Request : Touchpad pointer momentum

More than ten years ago now, on my first laptop, the touchpad had pointer momentum.

When you moved the pointer, using the touchpad, and then released, it would continue moving at the speed it had at the moment you lifted your finger from the pad, then slowing down gradually, until it came to a stop.

This is an amazing feature. A game changer. It lifts touchpads to a completely new level, and you cannot know just how much difference it makes until you’ve tried it.

Touchpads without this are lifeless, stilted affairs - it is night and day.

So, obviously, the request - touchpad momentum!

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Sounds really interesting! I’d want to try it!
It sounds more like a software thing though, might be worth looking for if someone created a program for something similar!

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I’ve only ever found it mentioned in reference to Synaptics touchpads (which I had on the Sony). I would imagine it could be done in software - indeed, it must be, because the user no longer has their finger on the touchpad…

But I can find no mention of it for Linux, or on arbitrary touchpads.

I think that is trackpad acceleration and should be in system settings.

If I remember correctly trackpad acceleration is the changing in cursor speed instead of a flat speed, it doesn’t include momentum afaik!

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Not the same thing. Acceleration is just sensitivity based on how fast you move your finger. The momentum feature means the cursor will continue to move after removing your finger from the trackpad. The cursor will continue to move in the direction the finger was tracked before taking it off the trackpad.

The momentum feature would be pretty nice for scrolling or panning and should have a threshold and velosity setting so that it doesn´t annoyingly move the cursor away from elements you actually want to stop on. And of cource, different people prefer different settings. There could also be a setting that limited momentum for certain gestures (like two-finger swipe so that it only applies to scrolling and panning, if the user doesn´t want it to affect normal cursor movement).

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correct me if i’m wrong but i don’t think this feature has anything to do with the laptop itself, rather, it should be the software.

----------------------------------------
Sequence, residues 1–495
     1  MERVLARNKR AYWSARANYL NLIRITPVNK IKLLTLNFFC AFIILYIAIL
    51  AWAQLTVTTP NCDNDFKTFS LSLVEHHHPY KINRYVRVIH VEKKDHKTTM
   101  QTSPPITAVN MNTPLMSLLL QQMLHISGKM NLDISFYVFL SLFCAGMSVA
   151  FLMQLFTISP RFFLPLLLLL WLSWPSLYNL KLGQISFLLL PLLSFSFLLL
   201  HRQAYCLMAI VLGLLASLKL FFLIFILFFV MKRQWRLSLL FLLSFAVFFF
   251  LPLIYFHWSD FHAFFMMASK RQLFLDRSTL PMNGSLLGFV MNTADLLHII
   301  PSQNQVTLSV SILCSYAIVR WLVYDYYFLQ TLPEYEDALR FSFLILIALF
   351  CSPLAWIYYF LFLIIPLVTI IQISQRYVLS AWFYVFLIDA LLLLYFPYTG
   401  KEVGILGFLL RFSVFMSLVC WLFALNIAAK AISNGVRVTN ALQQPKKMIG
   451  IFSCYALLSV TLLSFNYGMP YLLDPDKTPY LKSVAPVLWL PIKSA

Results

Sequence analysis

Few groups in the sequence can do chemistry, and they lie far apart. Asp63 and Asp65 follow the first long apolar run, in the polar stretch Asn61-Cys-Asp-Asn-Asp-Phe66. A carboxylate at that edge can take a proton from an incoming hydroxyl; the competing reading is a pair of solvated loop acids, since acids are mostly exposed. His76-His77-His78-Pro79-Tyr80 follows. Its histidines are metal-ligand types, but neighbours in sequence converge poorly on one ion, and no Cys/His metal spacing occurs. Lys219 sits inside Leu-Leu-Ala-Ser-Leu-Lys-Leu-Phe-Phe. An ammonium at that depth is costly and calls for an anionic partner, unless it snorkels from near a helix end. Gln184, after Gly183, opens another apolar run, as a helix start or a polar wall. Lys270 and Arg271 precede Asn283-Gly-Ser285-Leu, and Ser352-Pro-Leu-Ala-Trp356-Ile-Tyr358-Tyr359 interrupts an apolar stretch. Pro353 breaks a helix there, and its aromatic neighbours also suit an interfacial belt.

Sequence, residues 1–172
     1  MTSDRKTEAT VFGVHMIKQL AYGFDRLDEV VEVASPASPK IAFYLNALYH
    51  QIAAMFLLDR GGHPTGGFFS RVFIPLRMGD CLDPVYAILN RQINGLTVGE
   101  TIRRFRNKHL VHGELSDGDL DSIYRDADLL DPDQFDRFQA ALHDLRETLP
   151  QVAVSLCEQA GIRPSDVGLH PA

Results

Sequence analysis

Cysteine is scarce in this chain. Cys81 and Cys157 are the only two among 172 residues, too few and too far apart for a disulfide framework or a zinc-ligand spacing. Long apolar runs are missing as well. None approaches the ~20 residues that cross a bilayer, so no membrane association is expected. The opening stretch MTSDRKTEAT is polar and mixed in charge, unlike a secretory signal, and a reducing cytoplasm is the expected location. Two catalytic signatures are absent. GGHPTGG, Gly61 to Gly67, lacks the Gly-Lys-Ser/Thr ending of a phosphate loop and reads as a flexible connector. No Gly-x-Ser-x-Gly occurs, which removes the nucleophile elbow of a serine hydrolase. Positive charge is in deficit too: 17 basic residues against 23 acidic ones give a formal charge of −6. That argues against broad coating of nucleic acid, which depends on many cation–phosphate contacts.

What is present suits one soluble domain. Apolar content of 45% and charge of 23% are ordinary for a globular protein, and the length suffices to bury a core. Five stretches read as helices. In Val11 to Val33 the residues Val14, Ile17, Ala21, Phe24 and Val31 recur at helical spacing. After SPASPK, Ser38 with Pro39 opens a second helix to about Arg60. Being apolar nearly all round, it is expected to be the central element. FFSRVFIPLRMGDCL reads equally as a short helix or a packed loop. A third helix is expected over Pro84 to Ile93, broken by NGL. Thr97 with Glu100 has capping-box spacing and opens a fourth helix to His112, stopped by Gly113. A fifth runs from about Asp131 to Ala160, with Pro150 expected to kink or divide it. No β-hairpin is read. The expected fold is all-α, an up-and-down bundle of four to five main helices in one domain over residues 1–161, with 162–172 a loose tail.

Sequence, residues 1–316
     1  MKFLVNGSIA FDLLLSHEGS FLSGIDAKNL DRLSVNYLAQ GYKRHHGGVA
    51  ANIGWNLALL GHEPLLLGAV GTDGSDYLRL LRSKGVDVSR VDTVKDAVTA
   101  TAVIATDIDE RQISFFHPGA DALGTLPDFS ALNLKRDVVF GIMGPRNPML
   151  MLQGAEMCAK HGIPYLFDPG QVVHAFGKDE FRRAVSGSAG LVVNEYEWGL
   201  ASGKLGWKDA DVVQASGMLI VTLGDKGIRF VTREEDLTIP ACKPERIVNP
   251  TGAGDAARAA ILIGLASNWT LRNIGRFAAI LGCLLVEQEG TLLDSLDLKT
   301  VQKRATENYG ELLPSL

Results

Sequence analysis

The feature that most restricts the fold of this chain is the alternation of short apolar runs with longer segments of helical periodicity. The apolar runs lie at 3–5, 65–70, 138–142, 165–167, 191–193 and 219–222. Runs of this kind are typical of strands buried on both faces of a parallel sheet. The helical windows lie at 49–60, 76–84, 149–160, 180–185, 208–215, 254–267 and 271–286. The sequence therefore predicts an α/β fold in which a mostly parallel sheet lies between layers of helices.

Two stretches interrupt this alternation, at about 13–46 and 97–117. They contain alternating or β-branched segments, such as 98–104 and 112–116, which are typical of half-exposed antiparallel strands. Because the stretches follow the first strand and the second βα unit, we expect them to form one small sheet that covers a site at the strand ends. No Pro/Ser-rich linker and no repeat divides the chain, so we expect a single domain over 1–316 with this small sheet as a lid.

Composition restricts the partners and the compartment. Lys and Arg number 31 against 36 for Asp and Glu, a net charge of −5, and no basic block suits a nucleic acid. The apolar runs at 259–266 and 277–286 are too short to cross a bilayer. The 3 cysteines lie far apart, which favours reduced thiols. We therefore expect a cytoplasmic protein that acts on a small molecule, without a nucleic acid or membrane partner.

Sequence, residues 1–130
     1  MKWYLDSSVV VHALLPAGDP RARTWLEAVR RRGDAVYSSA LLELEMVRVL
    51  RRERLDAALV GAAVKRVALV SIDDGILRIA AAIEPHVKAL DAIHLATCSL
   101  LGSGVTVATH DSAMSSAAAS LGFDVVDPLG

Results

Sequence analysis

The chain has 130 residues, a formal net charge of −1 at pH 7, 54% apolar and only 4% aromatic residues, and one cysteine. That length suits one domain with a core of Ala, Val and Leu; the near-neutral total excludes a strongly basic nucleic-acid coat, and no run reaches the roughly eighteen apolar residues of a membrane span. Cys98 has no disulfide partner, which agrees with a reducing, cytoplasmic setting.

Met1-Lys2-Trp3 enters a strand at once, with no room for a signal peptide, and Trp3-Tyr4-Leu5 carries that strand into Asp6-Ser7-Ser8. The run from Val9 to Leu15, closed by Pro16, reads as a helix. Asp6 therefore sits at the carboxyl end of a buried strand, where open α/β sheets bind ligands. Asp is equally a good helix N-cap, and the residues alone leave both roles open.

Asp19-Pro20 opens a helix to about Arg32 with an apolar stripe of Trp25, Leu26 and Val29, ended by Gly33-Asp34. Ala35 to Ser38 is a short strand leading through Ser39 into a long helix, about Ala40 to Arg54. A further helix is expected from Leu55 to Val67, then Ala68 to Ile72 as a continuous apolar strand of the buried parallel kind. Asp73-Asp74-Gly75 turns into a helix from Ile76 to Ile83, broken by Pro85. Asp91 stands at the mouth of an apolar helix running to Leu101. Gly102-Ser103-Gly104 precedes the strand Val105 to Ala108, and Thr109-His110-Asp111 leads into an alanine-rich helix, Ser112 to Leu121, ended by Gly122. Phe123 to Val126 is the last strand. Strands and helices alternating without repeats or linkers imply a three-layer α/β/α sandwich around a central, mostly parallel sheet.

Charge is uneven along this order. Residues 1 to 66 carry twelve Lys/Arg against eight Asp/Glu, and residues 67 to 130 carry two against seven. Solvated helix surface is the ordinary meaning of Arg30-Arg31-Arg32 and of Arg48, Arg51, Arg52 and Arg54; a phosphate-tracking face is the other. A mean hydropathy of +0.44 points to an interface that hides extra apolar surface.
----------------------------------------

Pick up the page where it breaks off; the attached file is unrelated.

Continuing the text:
side note: to be honest, two finger-scroll on wayland does have momentum and i kind of hate it :slight_smile:

I am thinking it should be in software, too, because the finger has left the pad.

But you could imagine an implementation where the pad provides fake information to the laptop, which then behaves as if there is momentum.

However, we can in any event imagine a software-only solution.

Except there isn’t one =-)

Check out Ggglide. I have been using it for a while now and it does exactly what you are wanting.

Ah, nice try, no cigar - I’m on Linux :slight_smile:

You did mention that. I’m bad at reading :S

AFAIK there is only Coasting, which is related to keep scroll momentum:

synclient -l | grep Coasting
    CornerCoasting          = 0
    CoastingSpeed           = 20
    CoastingFriction        = 50

Coasting is enabled by setting the CoastingSpeed parameter to a non-zero value. Coasting comes in two flavors: conventional (finger off) coasting, and corner (finger on) coasting.

Conventional coasting is enabled when coasting is enabled, and CornerCoasting is set to false. When conventional coasting is enabled, horizontal/vertical scrolling can continue after the finger is released from the lower/right edge of the touchpad. The driver computes the scrolling speed corresponding to the finger speed immediately before the finger leaves the touchpad. If this scrolling speed is larger than the CoastingSpeed parameter (measured in scroll events per second), the scrolling will continue with the same speed in the same direction until the finger touches the touchpad again.

Corner coasting is enabled when coasting is enabled, and CornerCoasting is set to true. When corner coasting is enabled, edge scrolling can continue as long as the finger stays in a corner. Coasting begins when the finger enters the corner, and continues until the finger leaves the corner. CornerCoasting takes precedence over the seamless switch from edge scrolling to circular scrolling. That is, if CornerCoasting is active, scrolling will stop, and circular scrolling will not start, when the finger leaves the corner.